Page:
THE BLOG

Weighing the Risks of Hormone Therapy

02/19/2015 03:45 pm ET | Updated Apr 21, 2015

For over a decade, hormone therapy (HT) has been a hot topic in medicine. Unfortunately, women are still confused and concerned about using HT after two federally-funded studies linked HT to potentially serious health risks. Even decades after these studies, information on HT is seriously muddied, and not much is still fully known or understood about the treatment. It's time to clear up the confusion and debunk the false reports surrounding its risks.

HT is used to primarily treat menopausal symptoms -- hot flashes, night sweats, vaginal dryness, osteoporosis, among others. During menopause, a woman's body stops producing estrogen and progesterone, HT replaces these two hormones. Often, these two hormones are used jointly, but women without a uterus are prescribed estrogen alone.

Even though the Food and Drug Administration (FDA) has approved many different therapies for HT and instructs physicians to prescribe these drugs at the lowest dose for the shortest time needed [1], many women and doctors are unable to shake off the alarming and potentially misleading concerns that have dominated the media regarding its use.

In 1992, the National Institutes of Health (NIH) launched the Women's Health Initiative (WHI), a 15-year set of studies of 161,808 women [2]. It was designed to investigate ways postmenopausal women might prevent cardiovascular disease in older women. The WHI was composed of several studies; two were the estrogen-plus-progestin study of women with a uterus and the estrogen-alone study of women without a uterus. Both of these trials were terminated early when it appeared that the use of HT had actually increased the risks, especially heart disease and breast cancer, for some women participating in these trials [3].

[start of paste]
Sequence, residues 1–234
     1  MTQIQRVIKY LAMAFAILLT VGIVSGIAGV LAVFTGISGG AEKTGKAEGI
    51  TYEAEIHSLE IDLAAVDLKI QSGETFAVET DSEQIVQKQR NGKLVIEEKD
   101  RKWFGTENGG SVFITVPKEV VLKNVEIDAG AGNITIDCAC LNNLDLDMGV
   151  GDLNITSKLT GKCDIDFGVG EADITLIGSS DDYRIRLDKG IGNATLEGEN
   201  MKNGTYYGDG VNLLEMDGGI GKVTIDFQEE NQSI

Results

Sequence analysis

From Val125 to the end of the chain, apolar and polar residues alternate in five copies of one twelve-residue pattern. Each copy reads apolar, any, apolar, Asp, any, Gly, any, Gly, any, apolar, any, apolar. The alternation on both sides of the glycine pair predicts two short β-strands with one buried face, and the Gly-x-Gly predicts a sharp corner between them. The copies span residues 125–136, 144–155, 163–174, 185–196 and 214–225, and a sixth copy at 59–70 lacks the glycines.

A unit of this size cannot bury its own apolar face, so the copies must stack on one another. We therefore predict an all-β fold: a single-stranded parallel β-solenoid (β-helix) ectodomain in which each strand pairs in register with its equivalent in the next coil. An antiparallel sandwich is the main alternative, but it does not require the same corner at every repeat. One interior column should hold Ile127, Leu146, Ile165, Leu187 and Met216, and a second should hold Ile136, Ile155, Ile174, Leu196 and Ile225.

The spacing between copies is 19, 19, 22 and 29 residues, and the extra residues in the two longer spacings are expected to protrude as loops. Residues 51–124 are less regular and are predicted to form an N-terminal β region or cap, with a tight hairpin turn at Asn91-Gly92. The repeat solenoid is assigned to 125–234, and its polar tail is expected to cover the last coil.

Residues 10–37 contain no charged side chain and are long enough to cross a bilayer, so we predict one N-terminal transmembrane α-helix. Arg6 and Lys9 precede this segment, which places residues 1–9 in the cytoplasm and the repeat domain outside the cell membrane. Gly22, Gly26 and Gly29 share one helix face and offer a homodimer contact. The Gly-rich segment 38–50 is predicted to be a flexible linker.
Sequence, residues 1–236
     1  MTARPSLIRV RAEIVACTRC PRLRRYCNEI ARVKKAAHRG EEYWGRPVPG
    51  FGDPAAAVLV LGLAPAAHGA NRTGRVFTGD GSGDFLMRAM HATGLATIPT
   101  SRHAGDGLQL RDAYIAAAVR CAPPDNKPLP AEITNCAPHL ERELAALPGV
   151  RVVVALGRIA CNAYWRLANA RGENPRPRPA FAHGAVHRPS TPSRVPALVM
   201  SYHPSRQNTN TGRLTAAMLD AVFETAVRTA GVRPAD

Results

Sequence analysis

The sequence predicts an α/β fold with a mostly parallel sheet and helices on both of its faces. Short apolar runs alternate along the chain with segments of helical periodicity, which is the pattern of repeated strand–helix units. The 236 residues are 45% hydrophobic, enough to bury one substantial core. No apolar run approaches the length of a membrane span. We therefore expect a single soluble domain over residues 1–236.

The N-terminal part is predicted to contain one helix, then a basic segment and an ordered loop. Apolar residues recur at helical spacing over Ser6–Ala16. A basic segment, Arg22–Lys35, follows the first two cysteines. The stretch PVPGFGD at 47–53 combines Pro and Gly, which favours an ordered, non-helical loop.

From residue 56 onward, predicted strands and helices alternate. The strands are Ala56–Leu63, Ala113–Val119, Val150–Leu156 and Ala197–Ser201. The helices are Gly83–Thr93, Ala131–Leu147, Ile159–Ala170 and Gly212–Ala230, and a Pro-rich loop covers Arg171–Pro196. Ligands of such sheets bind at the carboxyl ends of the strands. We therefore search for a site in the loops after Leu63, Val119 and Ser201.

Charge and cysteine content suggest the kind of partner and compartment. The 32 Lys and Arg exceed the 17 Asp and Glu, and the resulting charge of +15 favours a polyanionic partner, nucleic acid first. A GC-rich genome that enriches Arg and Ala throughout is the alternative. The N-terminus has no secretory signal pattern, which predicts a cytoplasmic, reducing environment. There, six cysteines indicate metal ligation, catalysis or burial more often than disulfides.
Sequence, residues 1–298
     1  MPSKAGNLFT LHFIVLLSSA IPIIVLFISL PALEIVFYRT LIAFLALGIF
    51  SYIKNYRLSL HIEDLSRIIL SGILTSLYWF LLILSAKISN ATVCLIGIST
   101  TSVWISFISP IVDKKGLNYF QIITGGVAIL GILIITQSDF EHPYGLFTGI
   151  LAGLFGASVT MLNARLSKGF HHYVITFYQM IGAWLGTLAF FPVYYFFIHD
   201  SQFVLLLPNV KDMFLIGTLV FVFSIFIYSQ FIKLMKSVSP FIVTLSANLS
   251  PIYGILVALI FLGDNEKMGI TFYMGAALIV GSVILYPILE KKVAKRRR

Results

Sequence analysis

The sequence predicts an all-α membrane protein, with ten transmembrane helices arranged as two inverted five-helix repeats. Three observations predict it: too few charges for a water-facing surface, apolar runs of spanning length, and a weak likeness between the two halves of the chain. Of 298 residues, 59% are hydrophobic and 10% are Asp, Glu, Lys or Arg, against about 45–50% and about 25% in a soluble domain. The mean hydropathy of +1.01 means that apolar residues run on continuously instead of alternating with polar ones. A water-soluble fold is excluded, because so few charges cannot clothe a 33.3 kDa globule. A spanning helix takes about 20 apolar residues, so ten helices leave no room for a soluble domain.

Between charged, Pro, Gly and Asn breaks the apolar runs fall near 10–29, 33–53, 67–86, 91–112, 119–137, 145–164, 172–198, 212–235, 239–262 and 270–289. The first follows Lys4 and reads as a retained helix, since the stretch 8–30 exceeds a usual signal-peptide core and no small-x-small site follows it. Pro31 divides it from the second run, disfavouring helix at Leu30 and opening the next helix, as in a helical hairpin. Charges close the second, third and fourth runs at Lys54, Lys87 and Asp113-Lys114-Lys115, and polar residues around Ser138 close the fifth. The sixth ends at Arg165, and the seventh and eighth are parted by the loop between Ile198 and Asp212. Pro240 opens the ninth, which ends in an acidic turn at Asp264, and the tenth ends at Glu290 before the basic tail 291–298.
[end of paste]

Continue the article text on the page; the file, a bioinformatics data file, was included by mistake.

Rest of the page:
While the WHI revealed that post-menopausal women should not be using HT to prevent heart disease, it raised more questions than answers, and told us very little about the effect on early post-menopausal women. In fact, the WHI trials were NOT even designed to test the effects of use on early postmenopausal women. The average age of women who participated in the WHI was 64 years, making them approximately 12 years post-menopausal [4]. Further, the WHI study was focused on heart disease prevention in older women and did not address the fact that most women take HT to treat the unpleasant and sometimes debilitating symptoms of menopause, and NOT for disease prevention. This suggests that the risks and benefits of HT differ between women who use HT in the general public and the women who participated in the WHI. Additionally, the WHI findings were only based on the specific oral form dose, which is a much larger dose than what is currently used, so little is known about how these discoveries would apply to other forms such as, tablets, patches, and creams, which are now commonly prescribed [5].

With all of the contradictory messages surrounding HT, it is important to take into consideration your symptoms, family history, and lifestyle and have a discussion with your physician regarding the risk and benefits of HT treatment. Many women, frightened by the publicity around the WHI findings have turned to alternative methods in order to treat menopausal symptoms, like compounded bio-identical hormone replacement therapy (BHT).

Stayed tuned. Next, we'll take a closer look at the popularity and potential misuse of BHT.

References

  1. http://www.fda.gov/ForConsumers/ByAudience/ForWomen/ucm118624.htm
  2. https://www.nhlbi.nih.gov/whi/
  3. https://www.whi.org/about/SitePages/About%20WHI.aspx
  4. http://www.nia.nih.gov/health/publication/hormones-and-menopause#initiative